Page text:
One of those events that is so obscure to most people but fixates politicians is upon us again. The periodic Parliamentary boundary review, where the nation’s political map gets redrawn, often strikes fear into the hearts of politicians as they wait to see if their constituency still exists or has been transformed out of all recognition.
It is an intensely political time, not because the Boundary Commission is susceptible to politics, but because MPs may find their safe seat suddenly becomes marginal or even disappears altogether. There can then be clashes, often behind the scenes, where MPs and other campaigners try to get the Boundary Commission to tweak or radically alter the initial proposals. This was particularly true about ten years ago when the City of Salford was almost erased from the Parliamentary map and the then MP, Hazel Blears, mounted a valiant defence of her city.
For most people and for most of the time, politics should focus on jobs, the community and matters that affect people on a daily basis. In that light, Wigan has had two pieces of great news lately.
I was delighted to read in this paper that Heinz is bringing back their production of tomato ketchup to Wigan as well as a range of other products. In the last twenty years, this will be their biggest investment outside the United States and will create fifty new jobs. The £140m investment is a clear sign that Brexit means Britain will continue to be a top destination for investment for the long term.
The Government has chosen to give Wigan a town centre boost with £16m from the Future High Streets Fund. It has been a tough time for our town centres over the last few years and especially during the series of lockdowns, but I am pleased to see that the Prime Minister is stepping in to help us out.
We just have to make sure that the local council leadership spend the money wisely, so we create a better environment for the long term.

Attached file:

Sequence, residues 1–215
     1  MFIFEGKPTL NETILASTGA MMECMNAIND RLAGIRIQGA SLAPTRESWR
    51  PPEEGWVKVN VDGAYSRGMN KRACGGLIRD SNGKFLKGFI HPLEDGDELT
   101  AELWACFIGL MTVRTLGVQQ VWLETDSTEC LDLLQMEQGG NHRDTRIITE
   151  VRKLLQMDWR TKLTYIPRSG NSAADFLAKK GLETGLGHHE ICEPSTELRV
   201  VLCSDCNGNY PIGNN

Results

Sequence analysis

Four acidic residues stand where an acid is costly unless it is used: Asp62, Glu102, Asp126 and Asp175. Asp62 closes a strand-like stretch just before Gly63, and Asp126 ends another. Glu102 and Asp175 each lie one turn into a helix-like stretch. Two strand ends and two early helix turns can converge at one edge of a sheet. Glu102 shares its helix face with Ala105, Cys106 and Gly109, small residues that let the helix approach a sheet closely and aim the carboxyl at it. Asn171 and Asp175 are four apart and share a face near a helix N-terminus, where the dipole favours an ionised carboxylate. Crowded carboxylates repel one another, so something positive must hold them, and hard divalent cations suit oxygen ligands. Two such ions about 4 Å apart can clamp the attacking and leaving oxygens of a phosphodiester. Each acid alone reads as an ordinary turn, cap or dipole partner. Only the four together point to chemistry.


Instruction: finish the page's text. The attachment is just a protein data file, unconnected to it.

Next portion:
Thinking of the future, the next few days are going to be critical as to determine when and how we can return to normal and get out from under the Covid-19 lockdowns.
There is a furious debate as to whether we just have yet more delays as every new variant from across the Globe is checked to make sure that it is not more deadly, transmissible, or can defeat all of our range of vaccines.
Whether it is the Kent variant, the one from Brazil, South Africa’s form or the Indian strain, the vaccines have been effective. Some are now anticipating that the Nepalese or Vietnamese variants will be the ones that finally defeat all the vaccines. They will not but some people seem fixated on dragging out lockdowns no matter the cost.
I always bear in mind that every time we delay a return to normality, we delay people being able to go to see their GP for an urgent check up and perhaps get that emergency referral for life saving treatment. The hospital waiting lists are long and are getting longer by the day.
I started off the article with the most political of issues, but I believe there is too much politics everywhere and we need to cut it down.
For many years, there has been a variety of movements to reduce racism in football. They have had almost universal support, made a huge level of progress and are largely apolitical but things are changing.
Some people know that the Black Lives Matters movement is Marxist, anti-Israel, want to defund the police and has enriched its leaders. Other people believe that certain events 5,000 miles away offers a clear understanding of race relations in the UK and therefore support the kneeling to BLM before football matches.
I believe that, if football players introduce their politics into football then the fans can do the same. I also believe that it would be better for footballers and the clubs to focus on the sport and give us a break from politics.